71 pages 2 hours read

Jennifer Niven

All The Bright Places

Fiction | Novel | YA | Published in 2015

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The Hidden Suffering of Mental Illness

Characters throughout the book take strides to hide their mental illnesses. After being labeled a “freak” by a classmate when attempting to share disordered thoughts, Theodore Finch learns to keep his feelings and moods to himself. Amanda Monk, a popular cheerleader, attends a suicide support group but swears Finch to secrecy. Violet hides the extent of her grief. The book shows the ultimately disastrous consequences of silence surrounding mental health.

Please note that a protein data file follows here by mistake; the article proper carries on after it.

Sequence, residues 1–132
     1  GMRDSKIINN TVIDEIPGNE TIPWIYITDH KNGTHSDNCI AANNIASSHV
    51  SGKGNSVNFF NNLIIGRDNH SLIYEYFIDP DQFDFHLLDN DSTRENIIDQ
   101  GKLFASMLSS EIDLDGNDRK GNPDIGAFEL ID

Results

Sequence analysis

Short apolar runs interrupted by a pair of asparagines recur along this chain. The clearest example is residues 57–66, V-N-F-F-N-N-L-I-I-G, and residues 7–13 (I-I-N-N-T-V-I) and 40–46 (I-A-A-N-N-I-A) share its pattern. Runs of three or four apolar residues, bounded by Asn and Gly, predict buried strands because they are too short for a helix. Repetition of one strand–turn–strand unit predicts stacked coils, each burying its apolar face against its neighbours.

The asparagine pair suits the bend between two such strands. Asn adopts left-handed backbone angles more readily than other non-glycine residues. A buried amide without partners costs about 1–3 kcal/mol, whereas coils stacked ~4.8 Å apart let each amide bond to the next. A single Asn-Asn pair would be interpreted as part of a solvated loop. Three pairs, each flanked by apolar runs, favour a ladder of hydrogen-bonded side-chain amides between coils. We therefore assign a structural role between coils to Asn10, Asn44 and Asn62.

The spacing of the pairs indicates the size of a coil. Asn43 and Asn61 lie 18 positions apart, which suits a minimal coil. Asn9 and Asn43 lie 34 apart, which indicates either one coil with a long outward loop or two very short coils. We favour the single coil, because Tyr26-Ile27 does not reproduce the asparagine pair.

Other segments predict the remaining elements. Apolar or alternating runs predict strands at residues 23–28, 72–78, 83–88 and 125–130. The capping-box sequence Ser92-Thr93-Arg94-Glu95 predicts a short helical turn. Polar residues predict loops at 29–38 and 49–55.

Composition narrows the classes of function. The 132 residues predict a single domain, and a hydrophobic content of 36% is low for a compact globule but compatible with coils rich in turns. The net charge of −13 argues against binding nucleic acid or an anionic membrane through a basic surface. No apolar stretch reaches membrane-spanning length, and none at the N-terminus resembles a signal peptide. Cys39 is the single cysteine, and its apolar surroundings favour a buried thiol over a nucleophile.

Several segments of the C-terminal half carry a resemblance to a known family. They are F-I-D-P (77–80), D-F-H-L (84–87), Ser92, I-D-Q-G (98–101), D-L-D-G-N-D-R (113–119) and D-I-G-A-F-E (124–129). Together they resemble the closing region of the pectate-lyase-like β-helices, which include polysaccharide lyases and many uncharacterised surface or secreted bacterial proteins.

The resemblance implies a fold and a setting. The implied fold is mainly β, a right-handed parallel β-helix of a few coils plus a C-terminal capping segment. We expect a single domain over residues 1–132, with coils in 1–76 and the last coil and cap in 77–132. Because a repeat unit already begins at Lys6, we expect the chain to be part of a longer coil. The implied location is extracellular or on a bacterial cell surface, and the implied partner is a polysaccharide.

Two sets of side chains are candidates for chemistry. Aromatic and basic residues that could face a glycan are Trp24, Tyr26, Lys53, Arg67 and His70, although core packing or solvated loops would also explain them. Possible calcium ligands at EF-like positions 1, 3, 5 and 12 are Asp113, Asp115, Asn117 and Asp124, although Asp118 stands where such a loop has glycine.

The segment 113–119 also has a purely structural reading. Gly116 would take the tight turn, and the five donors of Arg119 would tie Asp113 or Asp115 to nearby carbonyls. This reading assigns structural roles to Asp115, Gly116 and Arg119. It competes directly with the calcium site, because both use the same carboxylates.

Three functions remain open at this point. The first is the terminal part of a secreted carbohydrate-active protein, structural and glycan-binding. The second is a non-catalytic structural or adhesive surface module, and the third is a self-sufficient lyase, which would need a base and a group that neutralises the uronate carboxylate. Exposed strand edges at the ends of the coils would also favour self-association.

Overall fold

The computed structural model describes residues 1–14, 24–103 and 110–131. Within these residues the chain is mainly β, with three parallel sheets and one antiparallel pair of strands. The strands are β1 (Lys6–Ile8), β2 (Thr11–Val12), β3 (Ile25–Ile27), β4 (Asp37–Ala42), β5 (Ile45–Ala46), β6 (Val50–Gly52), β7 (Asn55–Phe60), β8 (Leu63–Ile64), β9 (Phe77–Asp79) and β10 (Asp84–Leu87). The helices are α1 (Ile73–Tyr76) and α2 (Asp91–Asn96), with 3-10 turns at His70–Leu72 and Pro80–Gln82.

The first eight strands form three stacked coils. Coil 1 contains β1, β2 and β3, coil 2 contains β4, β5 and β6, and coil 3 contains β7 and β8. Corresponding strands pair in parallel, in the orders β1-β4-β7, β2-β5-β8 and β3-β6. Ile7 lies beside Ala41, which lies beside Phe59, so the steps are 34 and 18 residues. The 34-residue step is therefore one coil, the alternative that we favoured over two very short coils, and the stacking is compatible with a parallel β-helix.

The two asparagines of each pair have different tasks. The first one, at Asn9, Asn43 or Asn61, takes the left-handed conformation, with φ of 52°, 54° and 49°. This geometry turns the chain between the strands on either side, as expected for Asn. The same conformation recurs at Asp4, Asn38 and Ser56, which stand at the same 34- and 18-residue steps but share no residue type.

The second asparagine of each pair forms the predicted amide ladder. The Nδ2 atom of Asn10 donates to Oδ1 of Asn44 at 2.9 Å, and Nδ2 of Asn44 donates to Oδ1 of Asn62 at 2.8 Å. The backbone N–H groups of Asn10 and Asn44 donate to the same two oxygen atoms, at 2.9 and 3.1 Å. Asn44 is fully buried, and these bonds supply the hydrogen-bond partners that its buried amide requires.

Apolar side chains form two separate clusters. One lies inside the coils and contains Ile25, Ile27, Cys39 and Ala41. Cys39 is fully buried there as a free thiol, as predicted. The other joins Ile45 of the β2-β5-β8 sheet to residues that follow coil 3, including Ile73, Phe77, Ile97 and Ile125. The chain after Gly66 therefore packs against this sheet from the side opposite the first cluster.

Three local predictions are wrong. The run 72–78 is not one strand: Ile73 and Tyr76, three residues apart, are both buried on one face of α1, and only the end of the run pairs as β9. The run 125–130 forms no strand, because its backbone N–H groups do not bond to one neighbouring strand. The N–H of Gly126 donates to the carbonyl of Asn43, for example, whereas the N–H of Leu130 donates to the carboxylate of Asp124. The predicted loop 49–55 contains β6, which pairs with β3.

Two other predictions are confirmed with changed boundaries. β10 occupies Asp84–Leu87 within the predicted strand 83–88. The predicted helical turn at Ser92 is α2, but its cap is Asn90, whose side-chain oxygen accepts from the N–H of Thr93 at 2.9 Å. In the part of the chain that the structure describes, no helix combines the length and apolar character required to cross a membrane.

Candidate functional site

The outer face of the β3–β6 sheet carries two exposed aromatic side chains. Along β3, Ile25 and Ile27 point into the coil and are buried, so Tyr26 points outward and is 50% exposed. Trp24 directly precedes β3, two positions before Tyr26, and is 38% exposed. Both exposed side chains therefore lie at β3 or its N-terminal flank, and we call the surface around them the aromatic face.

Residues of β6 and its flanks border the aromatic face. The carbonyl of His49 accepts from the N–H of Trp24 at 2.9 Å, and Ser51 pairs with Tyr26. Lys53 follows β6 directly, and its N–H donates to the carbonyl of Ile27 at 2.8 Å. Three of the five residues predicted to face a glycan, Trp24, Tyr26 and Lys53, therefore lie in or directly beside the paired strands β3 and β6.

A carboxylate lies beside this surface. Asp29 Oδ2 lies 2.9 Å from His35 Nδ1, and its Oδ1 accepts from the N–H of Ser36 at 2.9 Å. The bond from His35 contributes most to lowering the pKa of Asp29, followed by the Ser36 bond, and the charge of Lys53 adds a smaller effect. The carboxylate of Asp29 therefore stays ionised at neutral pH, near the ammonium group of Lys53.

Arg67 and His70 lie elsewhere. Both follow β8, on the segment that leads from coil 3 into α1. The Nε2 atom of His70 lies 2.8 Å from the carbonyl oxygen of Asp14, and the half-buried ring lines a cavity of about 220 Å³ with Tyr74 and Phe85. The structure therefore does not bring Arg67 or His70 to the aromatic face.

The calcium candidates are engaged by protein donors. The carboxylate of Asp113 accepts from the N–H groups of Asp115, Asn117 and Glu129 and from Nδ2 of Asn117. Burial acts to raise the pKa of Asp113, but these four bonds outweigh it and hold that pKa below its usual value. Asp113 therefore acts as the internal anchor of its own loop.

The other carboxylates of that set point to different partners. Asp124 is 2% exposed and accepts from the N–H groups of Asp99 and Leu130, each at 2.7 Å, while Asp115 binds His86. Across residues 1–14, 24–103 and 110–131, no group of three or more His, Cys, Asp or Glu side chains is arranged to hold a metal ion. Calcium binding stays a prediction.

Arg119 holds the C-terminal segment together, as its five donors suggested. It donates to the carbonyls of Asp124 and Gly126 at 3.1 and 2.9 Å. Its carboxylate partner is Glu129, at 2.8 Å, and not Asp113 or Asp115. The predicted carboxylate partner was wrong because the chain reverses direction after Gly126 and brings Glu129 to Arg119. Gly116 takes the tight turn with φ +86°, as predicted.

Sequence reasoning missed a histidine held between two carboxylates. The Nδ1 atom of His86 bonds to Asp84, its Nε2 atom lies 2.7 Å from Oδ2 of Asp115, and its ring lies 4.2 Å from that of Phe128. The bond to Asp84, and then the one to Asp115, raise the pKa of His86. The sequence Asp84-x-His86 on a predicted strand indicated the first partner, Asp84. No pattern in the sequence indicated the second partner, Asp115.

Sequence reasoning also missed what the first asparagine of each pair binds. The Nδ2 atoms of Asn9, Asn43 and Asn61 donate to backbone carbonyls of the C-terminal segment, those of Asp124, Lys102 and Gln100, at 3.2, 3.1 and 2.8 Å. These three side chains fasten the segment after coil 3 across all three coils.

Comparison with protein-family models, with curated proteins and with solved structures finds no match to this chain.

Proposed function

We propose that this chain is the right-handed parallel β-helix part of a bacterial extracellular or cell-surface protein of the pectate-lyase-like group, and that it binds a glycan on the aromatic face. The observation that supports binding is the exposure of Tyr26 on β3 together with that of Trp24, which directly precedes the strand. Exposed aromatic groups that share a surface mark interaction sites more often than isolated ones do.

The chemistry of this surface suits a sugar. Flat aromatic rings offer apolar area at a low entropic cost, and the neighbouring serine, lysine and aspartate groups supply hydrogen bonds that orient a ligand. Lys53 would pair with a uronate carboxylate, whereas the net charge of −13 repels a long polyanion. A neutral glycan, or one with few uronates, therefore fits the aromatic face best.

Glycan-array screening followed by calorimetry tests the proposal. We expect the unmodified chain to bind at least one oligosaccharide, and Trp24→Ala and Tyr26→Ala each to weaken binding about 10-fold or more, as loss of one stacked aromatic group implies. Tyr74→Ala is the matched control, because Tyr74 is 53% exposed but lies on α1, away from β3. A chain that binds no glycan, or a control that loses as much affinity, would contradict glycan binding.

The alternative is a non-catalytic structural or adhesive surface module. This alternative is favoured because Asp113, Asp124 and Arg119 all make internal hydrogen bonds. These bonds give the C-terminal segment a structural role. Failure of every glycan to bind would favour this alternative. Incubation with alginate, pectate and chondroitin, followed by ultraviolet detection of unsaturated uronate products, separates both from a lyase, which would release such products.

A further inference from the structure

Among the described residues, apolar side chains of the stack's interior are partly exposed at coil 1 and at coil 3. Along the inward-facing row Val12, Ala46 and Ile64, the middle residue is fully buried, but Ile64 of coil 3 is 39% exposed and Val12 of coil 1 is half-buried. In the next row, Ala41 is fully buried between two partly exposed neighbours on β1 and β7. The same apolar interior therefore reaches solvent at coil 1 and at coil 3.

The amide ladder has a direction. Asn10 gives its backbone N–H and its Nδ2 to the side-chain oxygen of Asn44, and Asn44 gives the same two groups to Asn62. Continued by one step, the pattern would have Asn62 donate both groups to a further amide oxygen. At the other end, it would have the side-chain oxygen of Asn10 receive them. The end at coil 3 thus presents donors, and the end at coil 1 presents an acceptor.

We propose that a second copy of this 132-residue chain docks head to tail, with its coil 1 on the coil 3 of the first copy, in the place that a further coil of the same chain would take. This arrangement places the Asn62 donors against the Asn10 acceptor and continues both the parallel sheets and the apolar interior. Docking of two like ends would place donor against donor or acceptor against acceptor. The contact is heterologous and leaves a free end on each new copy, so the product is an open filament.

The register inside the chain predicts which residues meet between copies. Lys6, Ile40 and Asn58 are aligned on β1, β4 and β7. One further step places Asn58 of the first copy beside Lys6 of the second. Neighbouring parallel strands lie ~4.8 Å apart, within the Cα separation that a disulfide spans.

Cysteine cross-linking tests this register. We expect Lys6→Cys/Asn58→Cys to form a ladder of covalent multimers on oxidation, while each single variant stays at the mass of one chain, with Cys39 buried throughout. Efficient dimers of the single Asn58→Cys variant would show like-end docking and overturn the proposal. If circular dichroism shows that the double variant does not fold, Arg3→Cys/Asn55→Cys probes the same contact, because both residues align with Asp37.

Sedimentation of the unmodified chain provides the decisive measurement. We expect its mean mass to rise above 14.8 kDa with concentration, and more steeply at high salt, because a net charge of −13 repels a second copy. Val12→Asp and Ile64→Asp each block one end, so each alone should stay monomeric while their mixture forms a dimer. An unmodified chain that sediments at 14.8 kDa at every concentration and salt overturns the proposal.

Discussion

Finch is the primary vehicle through which this theme is explored. On the surface, he is extremely intelligent, has achieved early acceptance to NYU, and is a gifted musician and lyricist, but in reality he struggles with symptoms of agitation and depression. His narratives indicate that he has experienced atypical thoughts and feelings since childhood but has refused to disclose them because of the way he might be perceived. Specifically, he mentions having the ability to “see” headaches to a friend, Gabe Romero, when the two are in eighth grade. “Roamer” subsequently tags Finch as a “freak,” leading the young man to experience marginalization by his peers. Finch writes about his long periods of being “Asleep” (clinically depressed) and “Awake” (manic). He makes heroic strides to remain “Awake” by running for miles every night and composing lists of methods to keep himself from falling asleep.

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